Some good news about what’s ahead
in the very long run! . . .
by Daily Mail Reporter, 11/20/11
Climate change over the past two million years has boosted human evolution by forcing us to adapt to changing conditions and allowing us to migrate to new areas. Researchers found that far from hindering our development, periods when the earth is either cooling or warming up have actually been highly beneficial. As well as prompting us to migrate, changes in climate have also forced humans to evolve culturally by encouraging us to learn to work together.
Far from hindering human development scientists now believe periods of climate change helped us evolve. Experts from the National History Museum and Cambridge University have identified five key time periods when shifts in global climate have resulted in accelerated social and genetic evolution.
The first began around two million years ago when a prolonged dry period caused forests to disappear leading to the emergence of Homo erectus – an early human adapted to running and hunting on the grassy plains.
The next major development came during the ice age which began 450,000 years ago during which scientists believe human beings were split into three separate groups. European humans evolved into Neanderthals while Asian humans evolved into Denisovans.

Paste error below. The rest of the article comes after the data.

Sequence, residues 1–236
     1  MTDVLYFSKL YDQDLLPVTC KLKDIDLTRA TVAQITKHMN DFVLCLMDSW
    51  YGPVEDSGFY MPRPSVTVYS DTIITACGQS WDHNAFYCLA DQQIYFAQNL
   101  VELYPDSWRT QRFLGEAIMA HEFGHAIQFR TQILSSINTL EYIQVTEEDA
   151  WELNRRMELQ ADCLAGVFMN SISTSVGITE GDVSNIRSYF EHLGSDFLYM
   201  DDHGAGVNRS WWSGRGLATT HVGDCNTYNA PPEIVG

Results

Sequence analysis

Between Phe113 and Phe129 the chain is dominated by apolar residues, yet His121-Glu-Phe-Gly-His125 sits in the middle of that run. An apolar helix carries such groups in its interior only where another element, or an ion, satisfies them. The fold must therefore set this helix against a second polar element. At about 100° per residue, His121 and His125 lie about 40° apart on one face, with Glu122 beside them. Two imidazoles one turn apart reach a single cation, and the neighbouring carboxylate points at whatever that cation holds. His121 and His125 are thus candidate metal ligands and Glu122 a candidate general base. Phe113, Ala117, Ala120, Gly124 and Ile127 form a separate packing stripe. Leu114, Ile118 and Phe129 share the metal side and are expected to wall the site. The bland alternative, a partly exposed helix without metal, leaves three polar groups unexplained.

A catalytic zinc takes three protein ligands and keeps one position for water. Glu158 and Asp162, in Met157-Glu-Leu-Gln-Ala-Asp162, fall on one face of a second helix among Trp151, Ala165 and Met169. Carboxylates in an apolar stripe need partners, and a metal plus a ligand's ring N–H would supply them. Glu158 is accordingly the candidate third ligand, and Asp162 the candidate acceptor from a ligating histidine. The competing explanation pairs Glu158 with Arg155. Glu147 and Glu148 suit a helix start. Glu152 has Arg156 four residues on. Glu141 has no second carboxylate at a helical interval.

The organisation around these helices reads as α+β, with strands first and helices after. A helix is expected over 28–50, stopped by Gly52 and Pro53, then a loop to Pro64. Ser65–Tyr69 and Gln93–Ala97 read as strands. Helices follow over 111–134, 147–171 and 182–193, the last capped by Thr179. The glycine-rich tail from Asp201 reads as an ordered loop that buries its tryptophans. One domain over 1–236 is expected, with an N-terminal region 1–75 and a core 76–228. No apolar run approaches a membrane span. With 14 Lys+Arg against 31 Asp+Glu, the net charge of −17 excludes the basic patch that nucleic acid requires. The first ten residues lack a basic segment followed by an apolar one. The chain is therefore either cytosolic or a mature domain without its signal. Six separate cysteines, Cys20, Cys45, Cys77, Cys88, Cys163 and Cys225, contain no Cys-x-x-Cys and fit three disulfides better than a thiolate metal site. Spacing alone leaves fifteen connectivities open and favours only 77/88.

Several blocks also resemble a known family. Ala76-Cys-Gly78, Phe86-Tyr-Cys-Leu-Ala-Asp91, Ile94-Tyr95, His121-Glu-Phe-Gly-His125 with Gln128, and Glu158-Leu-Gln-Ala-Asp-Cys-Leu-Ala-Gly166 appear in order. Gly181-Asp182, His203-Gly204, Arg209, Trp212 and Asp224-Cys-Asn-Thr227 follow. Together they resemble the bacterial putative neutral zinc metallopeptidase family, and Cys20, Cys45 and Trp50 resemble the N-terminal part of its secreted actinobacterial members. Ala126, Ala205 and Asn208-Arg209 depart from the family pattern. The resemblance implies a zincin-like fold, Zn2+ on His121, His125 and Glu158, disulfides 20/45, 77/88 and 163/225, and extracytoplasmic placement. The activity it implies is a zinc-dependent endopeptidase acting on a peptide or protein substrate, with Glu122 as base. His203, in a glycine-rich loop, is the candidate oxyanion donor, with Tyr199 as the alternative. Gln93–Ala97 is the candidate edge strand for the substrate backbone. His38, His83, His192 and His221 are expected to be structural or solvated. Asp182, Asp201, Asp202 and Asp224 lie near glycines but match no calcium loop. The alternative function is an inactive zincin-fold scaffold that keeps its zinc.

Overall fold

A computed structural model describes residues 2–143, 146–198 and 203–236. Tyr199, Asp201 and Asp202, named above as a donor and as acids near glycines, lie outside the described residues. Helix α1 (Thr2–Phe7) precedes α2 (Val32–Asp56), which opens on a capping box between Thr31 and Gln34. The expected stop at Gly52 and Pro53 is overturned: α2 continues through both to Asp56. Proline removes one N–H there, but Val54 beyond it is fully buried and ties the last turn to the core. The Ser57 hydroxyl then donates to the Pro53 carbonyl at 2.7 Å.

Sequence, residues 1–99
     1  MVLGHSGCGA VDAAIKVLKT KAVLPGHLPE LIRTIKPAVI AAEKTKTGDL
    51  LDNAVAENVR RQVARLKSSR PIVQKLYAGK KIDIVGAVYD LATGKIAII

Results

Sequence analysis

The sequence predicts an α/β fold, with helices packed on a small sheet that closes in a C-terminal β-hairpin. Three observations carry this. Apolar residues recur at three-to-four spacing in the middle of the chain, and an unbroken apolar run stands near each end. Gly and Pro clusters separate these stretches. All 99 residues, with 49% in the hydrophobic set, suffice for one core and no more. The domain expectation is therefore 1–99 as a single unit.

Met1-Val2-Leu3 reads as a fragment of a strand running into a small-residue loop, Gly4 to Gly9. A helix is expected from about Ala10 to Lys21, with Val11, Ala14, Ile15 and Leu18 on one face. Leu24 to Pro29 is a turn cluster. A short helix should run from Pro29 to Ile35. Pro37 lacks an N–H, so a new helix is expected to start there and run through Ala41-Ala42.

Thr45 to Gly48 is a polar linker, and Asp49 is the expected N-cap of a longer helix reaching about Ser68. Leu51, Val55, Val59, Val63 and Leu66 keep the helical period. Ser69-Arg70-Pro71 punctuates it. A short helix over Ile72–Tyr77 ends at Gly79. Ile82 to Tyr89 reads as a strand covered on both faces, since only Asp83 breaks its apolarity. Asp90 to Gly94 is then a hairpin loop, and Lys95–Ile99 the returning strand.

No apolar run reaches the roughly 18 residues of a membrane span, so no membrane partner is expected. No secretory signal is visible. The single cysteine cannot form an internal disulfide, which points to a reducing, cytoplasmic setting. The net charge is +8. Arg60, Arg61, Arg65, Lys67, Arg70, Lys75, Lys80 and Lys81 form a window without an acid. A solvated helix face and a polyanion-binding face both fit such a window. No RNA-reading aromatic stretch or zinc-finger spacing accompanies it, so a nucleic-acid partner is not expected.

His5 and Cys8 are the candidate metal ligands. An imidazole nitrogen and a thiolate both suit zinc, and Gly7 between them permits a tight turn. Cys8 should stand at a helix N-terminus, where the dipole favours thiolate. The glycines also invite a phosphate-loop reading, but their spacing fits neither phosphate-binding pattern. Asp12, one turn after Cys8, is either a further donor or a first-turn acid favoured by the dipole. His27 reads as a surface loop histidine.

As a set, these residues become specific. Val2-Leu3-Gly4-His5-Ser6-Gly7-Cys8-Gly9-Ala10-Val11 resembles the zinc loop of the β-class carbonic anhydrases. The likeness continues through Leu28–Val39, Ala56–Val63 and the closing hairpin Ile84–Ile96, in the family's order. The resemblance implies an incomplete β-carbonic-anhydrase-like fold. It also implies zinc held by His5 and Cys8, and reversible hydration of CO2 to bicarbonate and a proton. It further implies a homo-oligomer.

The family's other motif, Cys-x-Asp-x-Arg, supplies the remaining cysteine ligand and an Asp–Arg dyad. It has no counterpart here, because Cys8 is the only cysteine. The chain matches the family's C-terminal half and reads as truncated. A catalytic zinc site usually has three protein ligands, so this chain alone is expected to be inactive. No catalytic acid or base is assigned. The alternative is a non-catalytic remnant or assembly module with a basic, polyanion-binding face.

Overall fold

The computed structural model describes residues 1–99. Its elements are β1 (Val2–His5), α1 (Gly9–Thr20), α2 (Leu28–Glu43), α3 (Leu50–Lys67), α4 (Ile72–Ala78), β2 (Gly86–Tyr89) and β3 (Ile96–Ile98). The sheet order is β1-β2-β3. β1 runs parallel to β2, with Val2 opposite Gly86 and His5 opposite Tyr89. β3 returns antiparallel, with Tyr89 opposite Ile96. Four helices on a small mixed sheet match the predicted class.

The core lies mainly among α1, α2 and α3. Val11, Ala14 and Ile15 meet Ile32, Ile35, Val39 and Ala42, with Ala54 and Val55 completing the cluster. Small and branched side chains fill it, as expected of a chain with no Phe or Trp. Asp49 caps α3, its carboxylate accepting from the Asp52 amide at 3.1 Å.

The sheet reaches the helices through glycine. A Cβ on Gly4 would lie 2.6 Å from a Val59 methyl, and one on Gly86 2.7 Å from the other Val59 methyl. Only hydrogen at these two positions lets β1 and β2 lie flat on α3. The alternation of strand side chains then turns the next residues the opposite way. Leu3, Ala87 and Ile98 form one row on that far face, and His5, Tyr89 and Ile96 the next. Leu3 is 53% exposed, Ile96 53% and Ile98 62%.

Those remaining on the African subcontinent evolved into modern human beings but this group had to wait until around 60,000 years ago when a prolonged warm spell allowed them to spread north. Then a sustained cold period between 25,000 and 15,000 years ago caused further changes as the freezing temperatures caused a 330ft drop in sea levels allowing humans to cross the Bering land bridge into North America.
Wild fluctuations in climate between 14,000 and 10,000 years ago prompted another period of change by forcing humans to develop agricultural techniques which enabled them to stabilise food supplies.
Chris Stringer of London’s Natural History Museum and author of The Origin of Our Species told the Sunday Times: ‘Climate change has been a major player in our evolution.’ The Royal Society is holding a conference this week where details of recent research will be released. The scientists are keen to point out they are not suggesting that modern global warming is beneficial. Rhiannon Stevens of Cambridge University who is co-organising the conference told the newspaper: ‘What intrigues them is the growing evidence that human evolution and climate change have been inextricably linked for hundreds of thousands of years.’